LOS ANGELES—A former Antelope Valley physician pleaded guilty Oct. 16 to federal narcotics charges for illegally dispensing prescriptions for often-abused controlled substances—including opioid-based medications—during telemedicine sessions with “patients” from across the United States.
Raphael Tomas Malikian, 39, who lives in Llano and Palmdale, pleaded guilty to one count of aiding and abetting the acquisition of a controlled substance by fraud and one count of distribution of oxycodone, according to the U.S. Attorney’s Office.
U.S. District Judge Dale S. Fischer scheduled a Feb. 5 sentencing hearing in downtown Los Angeles, at which time Mr. Malikian will face up to 20 years in federal prison for the distribution of oxycodone and up to four years for aiding and abetting the acquisition of a controlled substance by fraud.
The Medical Board of California suspended Mr. Malikian’s medical license in November 2021. His license expired last November.
According to his plea agreement, from at least December 2019 to August 2021, Mr. Malikian was a licensed physician and, in this role, was authorized by the Drug Enforcement Administration to prescribe medication. Mr. Malikian also owned and operated Happy Family Medicine, a medical clinic that was advertised as being in a co-working space in the Hollywood district of Los Angeles, but primarily offered telehealth services via telephone or text message communications.
Mr. Malikian issued prescriptions for controlled substances to customers without first obtaining the person’s full medical history, conducting a physical examination, requiring medical testing, or utilizing diagnostic tools. Mr. Malikian did not verify his customers’ identities before prescribing controlled substances, and he allowed customers to obtain prescriptions in the names of others.
He also worked with two co-conspirators, who provided Mr. Malikian with false names, addresses, and dates of birth, and Mr. Malikian issued controlled substance prescriptions accordingly, which the co-conspirators then filled and re-sold on the black market.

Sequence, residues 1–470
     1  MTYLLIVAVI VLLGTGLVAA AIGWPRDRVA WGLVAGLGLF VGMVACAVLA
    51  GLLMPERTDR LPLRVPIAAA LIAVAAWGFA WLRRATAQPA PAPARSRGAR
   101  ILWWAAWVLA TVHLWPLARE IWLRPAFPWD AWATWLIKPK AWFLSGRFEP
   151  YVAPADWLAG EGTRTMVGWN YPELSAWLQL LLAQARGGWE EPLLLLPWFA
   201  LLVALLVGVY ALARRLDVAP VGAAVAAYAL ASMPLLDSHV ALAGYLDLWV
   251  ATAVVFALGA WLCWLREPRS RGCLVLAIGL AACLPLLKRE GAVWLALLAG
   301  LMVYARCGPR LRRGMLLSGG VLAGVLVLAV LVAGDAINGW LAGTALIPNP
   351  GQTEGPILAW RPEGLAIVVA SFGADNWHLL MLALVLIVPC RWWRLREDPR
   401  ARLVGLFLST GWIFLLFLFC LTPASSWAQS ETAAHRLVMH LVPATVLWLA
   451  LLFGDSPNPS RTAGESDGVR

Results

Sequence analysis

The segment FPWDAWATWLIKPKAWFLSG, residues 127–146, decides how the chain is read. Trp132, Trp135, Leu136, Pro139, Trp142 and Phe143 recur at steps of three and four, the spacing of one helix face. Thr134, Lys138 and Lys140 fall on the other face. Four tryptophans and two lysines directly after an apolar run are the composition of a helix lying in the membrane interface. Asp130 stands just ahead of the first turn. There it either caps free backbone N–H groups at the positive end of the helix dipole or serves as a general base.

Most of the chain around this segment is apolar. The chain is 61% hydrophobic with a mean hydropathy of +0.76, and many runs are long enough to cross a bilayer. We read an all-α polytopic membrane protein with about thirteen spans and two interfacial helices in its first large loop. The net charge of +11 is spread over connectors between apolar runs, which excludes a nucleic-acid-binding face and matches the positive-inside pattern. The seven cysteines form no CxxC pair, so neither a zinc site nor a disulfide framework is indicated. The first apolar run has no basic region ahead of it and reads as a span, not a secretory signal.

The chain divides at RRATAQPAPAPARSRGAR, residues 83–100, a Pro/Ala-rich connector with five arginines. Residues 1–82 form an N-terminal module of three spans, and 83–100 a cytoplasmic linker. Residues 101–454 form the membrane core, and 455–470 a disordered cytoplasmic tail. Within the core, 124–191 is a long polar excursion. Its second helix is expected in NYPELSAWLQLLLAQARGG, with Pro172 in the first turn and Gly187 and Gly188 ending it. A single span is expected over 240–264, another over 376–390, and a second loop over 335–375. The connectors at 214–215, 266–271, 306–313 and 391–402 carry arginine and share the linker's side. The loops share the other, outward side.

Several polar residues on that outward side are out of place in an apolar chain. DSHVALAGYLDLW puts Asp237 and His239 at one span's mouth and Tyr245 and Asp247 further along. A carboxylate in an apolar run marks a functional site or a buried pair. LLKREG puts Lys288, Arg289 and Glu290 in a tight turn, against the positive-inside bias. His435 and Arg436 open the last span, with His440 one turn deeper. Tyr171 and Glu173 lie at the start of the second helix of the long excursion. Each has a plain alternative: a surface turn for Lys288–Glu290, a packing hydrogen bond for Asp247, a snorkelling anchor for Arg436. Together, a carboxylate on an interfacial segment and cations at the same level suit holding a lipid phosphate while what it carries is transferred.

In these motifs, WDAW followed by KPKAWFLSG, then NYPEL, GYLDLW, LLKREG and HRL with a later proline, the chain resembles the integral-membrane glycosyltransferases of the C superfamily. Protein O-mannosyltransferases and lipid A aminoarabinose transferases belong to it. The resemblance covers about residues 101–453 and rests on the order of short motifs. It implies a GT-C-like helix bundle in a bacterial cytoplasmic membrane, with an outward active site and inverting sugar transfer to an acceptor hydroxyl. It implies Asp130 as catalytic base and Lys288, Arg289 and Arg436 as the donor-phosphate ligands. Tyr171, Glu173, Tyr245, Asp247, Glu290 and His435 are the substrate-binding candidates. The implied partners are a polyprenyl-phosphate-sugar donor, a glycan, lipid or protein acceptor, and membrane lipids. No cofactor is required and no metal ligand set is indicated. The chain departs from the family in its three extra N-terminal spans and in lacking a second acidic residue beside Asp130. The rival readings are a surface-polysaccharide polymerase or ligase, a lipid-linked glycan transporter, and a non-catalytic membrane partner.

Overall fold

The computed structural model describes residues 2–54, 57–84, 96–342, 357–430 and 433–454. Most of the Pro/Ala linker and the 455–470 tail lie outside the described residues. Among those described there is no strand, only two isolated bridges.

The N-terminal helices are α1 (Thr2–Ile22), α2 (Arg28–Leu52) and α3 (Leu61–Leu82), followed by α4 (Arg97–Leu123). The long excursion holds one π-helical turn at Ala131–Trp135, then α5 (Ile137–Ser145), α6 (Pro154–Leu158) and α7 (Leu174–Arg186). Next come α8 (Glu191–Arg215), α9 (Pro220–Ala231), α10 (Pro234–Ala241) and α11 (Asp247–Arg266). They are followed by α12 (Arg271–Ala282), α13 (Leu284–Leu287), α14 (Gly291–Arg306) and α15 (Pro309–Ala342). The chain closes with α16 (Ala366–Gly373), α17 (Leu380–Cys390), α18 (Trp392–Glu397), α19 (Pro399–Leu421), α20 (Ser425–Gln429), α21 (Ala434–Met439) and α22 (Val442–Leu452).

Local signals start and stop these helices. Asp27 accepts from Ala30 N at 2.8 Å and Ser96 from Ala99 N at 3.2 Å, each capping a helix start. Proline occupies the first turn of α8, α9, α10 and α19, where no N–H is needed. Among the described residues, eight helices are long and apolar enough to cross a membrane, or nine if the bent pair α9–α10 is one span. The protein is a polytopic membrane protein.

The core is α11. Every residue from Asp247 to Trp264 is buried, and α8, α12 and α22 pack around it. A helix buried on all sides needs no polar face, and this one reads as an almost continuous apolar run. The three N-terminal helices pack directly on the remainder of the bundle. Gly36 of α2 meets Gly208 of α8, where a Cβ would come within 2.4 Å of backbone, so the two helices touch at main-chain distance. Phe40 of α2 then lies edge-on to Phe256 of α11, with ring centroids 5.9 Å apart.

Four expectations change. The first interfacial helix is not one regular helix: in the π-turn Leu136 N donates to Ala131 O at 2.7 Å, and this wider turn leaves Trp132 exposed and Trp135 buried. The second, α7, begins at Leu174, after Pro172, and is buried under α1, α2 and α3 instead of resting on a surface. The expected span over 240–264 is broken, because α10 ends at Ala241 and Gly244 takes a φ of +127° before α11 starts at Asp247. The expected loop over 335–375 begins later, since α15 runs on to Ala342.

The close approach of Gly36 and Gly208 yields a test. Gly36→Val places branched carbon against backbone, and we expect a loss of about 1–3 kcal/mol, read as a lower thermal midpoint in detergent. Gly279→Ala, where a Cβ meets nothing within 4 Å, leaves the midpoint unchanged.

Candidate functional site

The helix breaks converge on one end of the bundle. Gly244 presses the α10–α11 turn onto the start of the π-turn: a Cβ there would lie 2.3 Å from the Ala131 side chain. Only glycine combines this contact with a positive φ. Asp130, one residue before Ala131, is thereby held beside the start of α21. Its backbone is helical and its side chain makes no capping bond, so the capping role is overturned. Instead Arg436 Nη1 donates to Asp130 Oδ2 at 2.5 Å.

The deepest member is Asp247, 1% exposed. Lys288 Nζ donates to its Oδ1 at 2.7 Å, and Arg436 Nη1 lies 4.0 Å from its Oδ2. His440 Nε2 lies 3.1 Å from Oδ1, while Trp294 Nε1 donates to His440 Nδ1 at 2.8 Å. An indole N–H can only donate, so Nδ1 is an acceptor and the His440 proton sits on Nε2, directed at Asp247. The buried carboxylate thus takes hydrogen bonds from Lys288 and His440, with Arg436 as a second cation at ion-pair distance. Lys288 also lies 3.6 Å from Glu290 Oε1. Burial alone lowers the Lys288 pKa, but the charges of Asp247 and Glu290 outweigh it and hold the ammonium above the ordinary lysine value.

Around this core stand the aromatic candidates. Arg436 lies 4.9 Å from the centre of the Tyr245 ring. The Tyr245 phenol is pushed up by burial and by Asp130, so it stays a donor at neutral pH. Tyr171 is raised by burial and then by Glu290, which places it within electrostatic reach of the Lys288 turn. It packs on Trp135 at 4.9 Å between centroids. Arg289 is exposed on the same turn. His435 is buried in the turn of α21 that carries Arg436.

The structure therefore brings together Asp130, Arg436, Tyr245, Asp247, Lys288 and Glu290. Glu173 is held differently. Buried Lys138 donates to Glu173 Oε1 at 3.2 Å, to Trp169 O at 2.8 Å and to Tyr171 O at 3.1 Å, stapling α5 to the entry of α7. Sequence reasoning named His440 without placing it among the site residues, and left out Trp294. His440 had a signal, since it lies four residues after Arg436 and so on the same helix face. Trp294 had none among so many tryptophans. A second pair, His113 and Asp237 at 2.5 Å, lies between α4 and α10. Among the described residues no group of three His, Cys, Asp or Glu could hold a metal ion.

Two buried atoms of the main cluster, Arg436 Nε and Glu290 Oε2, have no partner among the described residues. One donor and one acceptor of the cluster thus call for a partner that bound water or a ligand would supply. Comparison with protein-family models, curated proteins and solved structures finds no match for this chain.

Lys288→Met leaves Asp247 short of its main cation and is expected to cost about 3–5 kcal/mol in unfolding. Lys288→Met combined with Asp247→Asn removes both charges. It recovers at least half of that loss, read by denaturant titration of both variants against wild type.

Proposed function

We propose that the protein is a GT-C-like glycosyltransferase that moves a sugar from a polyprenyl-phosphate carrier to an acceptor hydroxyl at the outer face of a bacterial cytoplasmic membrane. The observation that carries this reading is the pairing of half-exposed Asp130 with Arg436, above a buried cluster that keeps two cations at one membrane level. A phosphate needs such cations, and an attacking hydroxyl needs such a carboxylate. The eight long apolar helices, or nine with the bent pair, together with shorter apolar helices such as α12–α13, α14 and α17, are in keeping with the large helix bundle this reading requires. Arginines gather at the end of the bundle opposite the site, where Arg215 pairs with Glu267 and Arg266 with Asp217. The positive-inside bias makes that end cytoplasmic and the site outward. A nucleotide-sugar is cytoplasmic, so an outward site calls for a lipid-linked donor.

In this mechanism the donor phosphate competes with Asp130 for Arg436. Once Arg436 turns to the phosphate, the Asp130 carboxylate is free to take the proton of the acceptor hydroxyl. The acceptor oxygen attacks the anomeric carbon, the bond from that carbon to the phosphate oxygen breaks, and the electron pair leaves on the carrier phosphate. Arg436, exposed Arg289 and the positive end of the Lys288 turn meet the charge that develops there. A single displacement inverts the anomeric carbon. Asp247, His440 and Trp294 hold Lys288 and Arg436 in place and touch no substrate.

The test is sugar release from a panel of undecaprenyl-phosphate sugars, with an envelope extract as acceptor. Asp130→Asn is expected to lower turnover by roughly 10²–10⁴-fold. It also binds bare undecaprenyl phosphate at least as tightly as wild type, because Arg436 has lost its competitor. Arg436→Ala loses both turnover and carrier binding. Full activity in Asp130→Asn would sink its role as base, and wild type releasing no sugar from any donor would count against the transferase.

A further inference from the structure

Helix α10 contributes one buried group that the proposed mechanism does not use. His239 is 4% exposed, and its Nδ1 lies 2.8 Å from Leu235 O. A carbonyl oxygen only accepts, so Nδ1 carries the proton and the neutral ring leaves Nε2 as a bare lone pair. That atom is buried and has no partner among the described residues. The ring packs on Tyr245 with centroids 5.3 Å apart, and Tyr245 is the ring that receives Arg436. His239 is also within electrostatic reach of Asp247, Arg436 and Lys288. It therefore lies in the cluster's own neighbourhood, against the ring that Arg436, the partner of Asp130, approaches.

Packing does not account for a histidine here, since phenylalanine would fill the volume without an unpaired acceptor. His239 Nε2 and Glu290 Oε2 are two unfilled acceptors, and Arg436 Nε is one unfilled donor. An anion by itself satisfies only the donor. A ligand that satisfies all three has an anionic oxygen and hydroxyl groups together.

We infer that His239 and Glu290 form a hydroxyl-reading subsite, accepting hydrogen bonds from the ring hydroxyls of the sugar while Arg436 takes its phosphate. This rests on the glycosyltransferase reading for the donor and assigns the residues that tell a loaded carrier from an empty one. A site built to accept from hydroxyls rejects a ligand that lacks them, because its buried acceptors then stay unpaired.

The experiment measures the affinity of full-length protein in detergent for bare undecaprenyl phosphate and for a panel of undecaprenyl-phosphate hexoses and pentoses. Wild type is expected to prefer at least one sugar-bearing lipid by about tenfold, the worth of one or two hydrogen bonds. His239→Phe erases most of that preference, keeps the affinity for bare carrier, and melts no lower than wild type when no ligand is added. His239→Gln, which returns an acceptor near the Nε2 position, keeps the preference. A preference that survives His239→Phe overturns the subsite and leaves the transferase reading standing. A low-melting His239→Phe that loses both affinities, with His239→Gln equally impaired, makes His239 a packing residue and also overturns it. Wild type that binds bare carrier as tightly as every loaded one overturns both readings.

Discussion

Many of Mr. Malikian’s fraudulent controlled substance prescriptions contained notes on the prescriptions or accompanying documentation that falsely urged pharmacies not to verify such prescriptions because medications were needed and the failure to dispense could be life-threatening because of the COVID-19 pandemic.
Mr. Malikian issued hundreds of false prescriptions for liquid promethazine with codeine during this period—including to people he knew were fictitious patients and which totaled more than 82 liters—and directed them to be sent to various pharmacies across the nation for co-conspirators to obtain, federal prosecutors said.
From April to July of 2020, Malikian prescribed to a buyer 702 pills of 10 milligrams of oxycodone and 240 milliliters of promethazine with codeine. The customer, in fact, was an undercover law enforcement officer. Mr. Malikian issued each prescription to this buyer without conducting proper medical evaluations or verifying the buyer’s identity and was performed outside the scope of professional practice and without a legitimate medical purpose.
In addition, from May to July of 2020, he prescribed to a customer—who also was an undercover law enforcement officer—234 pills of the painkiller Norco, which contained a total of 2,340 milligrams of the opioid hydrocodone and 180 pills of alprazolam, an anxiety medication sold under the brand name Xanax.
Once again, Mr. Malikian issued each prescription to the buyer without conducting proper medical evaluations or verifying the buyer’s identity, and was performed outside the scope of professional practice and without a legitimate medical purpose, according to the U.S. Attorney’s Office.